volume ducks in xfade loops


(a773) #1

Hi

The xfade loop is IMHO broken (or I’m doing something wrong), as heard in this xrns. The problem should be obvious by listening to the examples, but to make it clear, the renoise xfadeloop is ducking in volume, which makes the loop quite obvious.

Three instruments:
00: original, no loop
01: xfadeloop by renoise
02: xfadeloop by a python script I wrote.

The loop can be heard in 02, but 01 is not useable to my ears. I’d be happy to supply more info, tests or whatever.

NB: I’ve tried this with alot of other sounds, mostly pads, same result.


Give us loop fine editor back
(dblue) #2

The looping function itself is actually quite ‘dumb’ in terms of the logic behind it.

  • If you have the entire sample selected, then it will simply divide the sample in half and cross-fade the 2 halves together so they overlap.

  • If you have a smaller portion of the whole sample selected, then it divides that selection into 3 parts and cross-fades the 1st and 2nd parts together so they overlap, leaving the 3rd part untouched. The reasoning behind this 3-part split is that it allows you to play a sustained note during the looped portion of the sample, then have a note-off stage that transitions smoothly into the remaining tail end of the sample.

Overall, the end result is very much dependent on the audio material itself, and where you make the selections within the sample before applying the loop function. You will often be prone to some phase cancellation issues (which can of course lead to volume ducking), as the cross-faded sections may not always align perfectly with the phase of the waveform cycles in the sound itself.

This could be improved by performing more detailed analysis of the sound itself and trying to determine more ideal loop points, but obviously every sound is different, and extracting any meaningful data can often be incredibly difficult except in cases where the waveform itself is very simple.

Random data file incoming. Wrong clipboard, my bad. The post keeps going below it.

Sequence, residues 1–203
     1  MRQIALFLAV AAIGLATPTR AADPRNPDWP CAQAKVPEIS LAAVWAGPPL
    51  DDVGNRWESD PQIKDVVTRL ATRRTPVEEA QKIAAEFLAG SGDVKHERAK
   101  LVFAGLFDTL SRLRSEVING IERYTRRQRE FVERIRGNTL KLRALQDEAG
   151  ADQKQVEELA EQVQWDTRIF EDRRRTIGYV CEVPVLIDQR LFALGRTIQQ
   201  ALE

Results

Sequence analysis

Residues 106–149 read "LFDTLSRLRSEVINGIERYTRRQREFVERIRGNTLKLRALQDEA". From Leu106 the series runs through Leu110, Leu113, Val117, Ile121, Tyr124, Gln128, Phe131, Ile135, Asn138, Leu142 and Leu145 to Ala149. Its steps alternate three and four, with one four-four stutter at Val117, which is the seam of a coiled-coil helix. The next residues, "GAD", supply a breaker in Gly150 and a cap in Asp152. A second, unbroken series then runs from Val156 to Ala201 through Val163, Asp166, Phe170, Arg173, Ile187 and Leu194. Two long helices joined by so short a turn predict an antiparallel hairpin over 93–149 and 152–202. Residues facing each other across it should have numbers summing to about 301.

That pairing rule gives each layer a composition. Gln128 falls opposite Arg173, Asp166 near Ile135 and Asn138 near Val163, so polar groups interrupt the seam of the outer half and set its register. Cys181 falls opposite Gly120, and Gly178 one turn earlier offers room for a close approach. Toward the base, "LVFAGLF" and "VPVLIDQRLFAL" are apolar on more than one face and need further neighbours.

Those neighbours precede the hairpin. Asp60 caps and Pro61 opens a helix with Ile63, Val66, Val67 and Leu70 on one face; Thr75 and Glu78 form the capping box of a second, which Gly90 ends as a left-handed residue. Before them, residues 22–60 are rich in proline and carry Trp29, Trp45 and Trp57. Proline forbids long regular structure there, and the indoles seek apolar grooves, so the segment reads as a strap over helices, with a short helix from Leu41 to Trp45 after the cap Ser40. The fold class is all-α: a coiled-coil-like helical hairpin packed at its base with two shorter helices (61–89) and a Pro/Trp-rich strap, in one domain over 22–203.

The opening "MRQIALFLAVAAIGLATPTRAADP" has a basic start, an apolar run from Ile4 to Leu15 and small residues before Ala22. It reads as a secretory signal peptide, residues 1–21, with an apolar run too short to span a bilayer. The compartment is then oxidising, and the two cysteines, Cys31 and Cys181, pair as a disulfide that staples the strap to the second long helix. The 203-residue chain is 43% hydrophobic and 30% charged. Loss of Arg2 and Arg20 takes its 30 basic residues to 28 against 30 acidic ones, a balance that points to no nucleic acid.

The loop in your 02 sound is definitely a big improvement in this particular case anyway. Would you mind sharing the script, or your techniques for how you achieved this? Was there any special care taken with regard to choosing potential loop points/size, ie. some prep work you needed to do first, or is your script fully automated? How does it handle other waveform types?


(esp81) #3

Even Kontakt seems to have this problem sometimes, I guess it’s just the phasing.


(a773) #4

My python script is here. It uses external programs for processing, so I’d be surprised if it works on anything else than linux, sorry 'bout that.

It does nothing special, and works great on all kinds of material. To me it sounds like the problem with renoise xfadeloop is that the fadeout is faster than the fadein. Exponential or logarithmic mixup or something like that.

So I don’t think fancy stuff is needed, just a simple fix of the fadein/fadeout curves.


(Djeroek) #5

If it gets changed, please also keep the current xfade looping scheme as the volume ducking can sound interesting.


(a773) #6

OK, so here’s another xrns with several different randomly chosen sounds, with original, renoise xfade and my script xfade.

Looking at the sine looped by renoise, it’s quite obvious that there’s a volume problem in the xfade… I think you’ll agree that although renoise is not horrible in all cases, my script does a better job. And again: my script does NO magic, and I didn’t fool around with values or selections to get best result, all loops (both renoise and by my script) were “first takes”…